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Vision Distortion


Healthgrades Editorial Staff

What is vision distortion?

Vision distortion is any type of impairment in your ability to see. Within the eye there are many elements that work together with the nervous system and the eye muscles to create vision. Light flows through the cornea and the pupil of the globe (eyeball) onto the lens before it is projected onto the retina in the back of the eye. The retina transforms light into electrical impulses that can be transmitted by the optic nerve to the brain. The eyes are protected by the bones of the orbit and move through the actions of the eye muscles, which are controlled by nerves.

There are many different types of vision distortion, which may affect one or both eyes and occur in part or all of your visual field. Types of vision distortion include:

  • Blindness

  • Blind spots or black spots

  • Blurry or cloudy vision

  • Distortion of shapes (such as when straight lines appear wavy)

  • Double vision

  • Flashes of light

  • Floaters

  • Halos

  • Impaired depth perception

  • Loss of peripheral vision

  • Poor nighttime vision

  • Sensitivity to light

A variety of mild to serious diseases, disorders and conditions originating in the eye, the head, or elsewhere in the body can lead to vision distortion. Vision distortion can also result from infection, inflammation, trauma, malignancy (cancer), and other abnormal processes including head injury, temporal arteritis, stroke, and certain medications. Depending on the underlying cause, vision distortion may be temporary, intermittent, long lasting, or permanent.

The most common causes of vision distortion are refractive errors, such as farsightedness and nearsightedness, which are types of blurry vision caused by irregularly shaped corneas. People tend to be born with refractive errors or develop them through the aging process. If you experience blurry vision for either near or far objects, it is important to visit your licensed health care provider to discuss your treatment options. The Centers for Disease Control and Prevention (CDC) estimates that 11 million people ages 12 and older in the United States could improve their vision with refractive error correction (Source: CDC).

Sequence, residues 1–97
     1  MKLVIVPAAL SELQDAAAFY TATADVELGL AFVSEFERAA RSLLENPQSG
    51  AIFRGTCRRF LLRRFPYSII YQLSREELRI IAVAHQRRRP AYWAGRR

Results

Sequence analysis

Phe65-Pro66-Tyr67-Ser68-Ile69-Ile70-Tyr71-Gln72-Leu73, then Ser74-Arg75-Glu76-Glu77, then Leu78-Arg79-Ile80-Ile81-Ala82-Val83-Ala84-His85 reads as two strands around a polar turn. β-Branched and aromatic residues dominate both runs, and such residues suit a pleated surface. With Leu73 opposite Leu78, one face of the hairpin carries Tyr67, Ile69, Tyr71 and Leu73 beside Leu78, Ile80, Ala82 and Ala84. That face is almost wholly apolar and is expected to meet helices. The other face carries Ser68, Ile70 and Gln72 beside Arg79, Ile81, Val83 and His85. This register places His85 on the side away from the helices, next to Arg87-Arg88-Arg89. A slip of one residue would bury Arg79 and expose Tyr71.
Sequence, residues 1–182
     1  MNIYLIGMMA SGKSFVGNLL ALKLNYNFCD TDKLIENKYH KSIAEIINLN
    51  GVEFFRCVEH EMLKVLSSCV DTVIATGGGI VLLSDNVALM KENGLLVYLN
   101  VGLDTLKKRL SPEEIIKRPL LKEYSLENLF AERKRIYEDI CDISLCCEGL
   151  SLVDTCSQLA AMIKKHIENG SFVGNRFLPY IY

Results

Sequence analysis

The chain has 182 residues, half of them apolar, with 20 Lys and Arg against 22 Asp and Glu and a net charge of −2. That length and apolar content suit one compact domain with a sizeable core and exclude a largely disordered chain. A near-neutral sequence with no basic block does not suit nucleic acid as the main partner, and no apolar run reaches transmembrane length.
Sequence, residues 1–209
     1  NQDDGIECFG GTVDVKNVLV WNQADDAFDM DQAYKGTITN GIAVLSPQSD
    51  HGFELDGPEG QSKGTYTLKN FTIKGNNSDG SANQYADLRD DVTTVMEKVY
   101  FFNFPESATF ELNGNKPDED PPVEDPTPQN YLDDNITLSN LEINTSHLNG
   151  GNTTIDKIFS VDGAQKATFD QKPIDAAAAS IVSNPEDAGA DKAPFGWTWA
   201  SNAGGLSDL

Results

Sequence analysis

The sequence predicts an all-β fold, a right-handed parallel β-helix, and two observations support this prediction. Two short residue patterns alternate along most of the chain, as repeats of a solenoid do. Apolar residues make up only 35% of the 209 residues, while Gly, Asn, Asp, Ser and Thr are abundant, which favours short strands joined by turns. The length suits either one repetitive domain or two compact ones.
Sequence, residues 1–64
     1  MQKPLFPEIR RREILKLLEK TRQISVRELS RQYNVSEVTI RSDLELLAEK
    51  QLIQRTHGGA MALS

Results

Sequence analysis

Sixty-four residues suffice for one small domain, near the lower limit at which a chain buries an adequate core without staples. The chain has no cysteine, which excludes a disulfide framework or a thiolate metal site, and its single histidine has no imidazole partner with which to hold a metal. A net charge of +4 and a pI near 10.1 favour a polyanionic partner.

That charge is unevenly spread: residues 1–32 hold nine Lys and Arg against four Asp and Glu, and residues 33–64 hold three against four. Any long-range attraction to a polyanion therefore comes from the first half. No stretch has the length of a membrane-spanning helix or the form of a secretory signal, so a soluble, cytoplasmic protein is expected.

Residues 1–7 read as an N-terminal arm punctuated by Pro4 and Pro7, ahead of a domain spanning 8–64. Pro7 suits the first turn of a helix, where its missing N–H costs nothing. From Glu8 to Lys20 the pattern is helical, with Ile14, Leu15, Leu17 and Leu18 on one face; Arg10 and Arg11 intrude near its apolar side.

Certain types of vision distortion can indicate a serious condition or medical emergency that can lead to total loss of sight. Conditions of the eye itself include glaucoma, eye injury, and retinal detachment. Vision distortion can also result from serious conditions originating outside of the eye, such as a serious head injury, transient ischemic attack (TIA), stroke, brain hemorrhage (bleeding), and epilepsy.

In some cases, the underlying causes of vision distortion can cause serious complications, including permanent blindness. Seek prompt and regular eye care throughout your life to reduce the risk of serious complications of conditions that affect the eyes and to best preserve your vision.

Vision distortion can also be caused by very serious or life-threatening diseases and conditions, such as head injury, brain tumor, psychosis, ingestion of a toxic plant, or stroke. Seek immediate medical care (call 911) if you, or someone you are with, have had a head injury or experience symptoms of these conditions, including sudden vision change or distortion, sudden, severe headache, stiff neck, confusion or disorientation, slurred speech, inability to move a part of the body, passing out, or hallucinations.

Medical Reviewers: William C. Lloyd III, MD, FACS Last Review Date: Nov 9, 2016

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View Sources

Medical References

  1. Brain tumor - primary – adults. PubMed Health, a service of the NLM from the NIH.
  2. Common Eye Disorders. The Centers for Disease Prevention and Control.
  3. Diseases & Conditions. American Academy of Ophthalmology.
  4. Vision problems. Medline Plus, a service of the National Library of Medicine National Institutes of Health.
  5. Lim LS, Mitchell P, Seddon JM, et al. Age-related macular degeneration. Lancet 2012; 379:1728.
  6. Daien V, Pérès K, Villain M, et al. Visual impairment, optical correction, and their impact on activity limitations in elderly persons: the POLA study. Arch Intern Med 2011; 171:1206.
  7. Agarwal A, Kumar DA. Cost-effectiveness of cataract surgery. Curr Opin Ophthalmol 2011; 22:15.
  8. Collins RD. Differential Diagnosis in Primary Care, 5th ed. Philadelphia: Lippincott, Williams & Williams, 2012.

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